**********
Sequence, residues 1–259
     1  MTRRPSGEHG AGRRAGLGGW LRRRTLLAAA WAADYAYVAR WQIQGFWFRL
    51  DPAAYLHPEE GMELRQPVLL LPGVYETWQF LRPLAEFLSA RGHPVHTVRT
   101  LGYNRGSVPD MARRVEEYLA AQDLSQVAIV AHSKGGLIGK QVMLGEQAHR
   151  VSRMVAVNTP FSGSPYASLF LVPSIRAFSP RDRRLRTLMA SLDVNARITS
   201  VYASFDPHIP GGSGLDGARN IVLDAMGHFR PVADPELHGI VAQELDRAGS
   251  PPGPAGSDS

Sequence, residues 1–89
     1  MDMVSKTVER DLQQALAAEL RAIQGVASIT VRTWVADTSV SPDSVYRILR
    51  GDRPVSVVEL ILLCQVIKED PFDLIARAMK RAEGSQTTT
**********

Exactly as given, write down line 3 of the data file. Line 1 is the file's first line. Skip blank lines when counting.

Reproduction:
    51  DPAAYLHPEE GMELRQPVLL LPGVYETWQF LRPLAEFLSA RGHPVHTVRT